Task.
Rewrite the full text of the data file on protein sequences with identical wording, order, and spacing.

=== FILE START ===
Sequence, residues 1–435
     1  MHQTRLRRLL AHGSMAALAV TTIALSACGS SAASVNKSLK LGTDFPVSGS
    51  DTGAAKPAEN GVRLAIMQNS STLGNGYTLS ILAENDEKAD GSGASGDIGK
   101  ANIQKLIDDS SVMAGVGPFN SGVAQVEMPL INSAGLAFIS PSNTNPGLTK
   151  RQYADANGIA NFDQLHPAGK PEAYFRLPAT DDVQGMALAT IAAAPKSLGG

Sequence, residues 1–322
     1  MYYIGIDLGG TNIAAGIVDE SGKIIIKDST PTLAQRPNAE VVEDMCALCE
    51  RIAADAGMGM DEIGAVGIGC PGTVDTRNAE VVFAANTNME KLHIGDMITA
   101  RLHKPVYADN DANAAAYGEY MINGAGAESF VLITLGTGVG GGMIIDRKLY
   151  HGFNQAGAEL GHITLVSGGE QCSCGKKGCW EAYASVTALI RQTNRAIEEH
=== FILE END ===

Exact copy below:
Sequence, residues 1–435
     1  MHQTRLRRLL AHGSMAALAV TTIALSACGS SAASVNKSLK LGTDFPVSGS
    51  DTGAAKPAEN GVRLAIMQNS STLGNGYTLS ILAENDEKAD GSGASGDIGK
   101  ANIQKLIDDS SVMAGVGPFN SGVAQVEMPL INSAGLAFIS PSNTNPGLTK
   151  RQYADANGIA NFDQLHPAGK PEAYFRLPAT DDVQGMALAT IAAAPKSLGG

Sequence, residues 1–322
     1  MYYIGIDLGG TNIAAGIVDE SGKIIIKDST PTLAQRPNAE VVEDMCALCE
    51  RIAADAGMGM DEIGAVGIGC PGTVDTRNAE VVFAANTNME KLHIGDMITA
   101  RLHKPVYADN DANAAAYGEY MINGAGAESF VLITLGTGVG GGMIIDRKLY
   151  HGFNQAGAEL GHITLVSGGE QCSCGKKGCW EAYASVTALI RQTNRAIEEH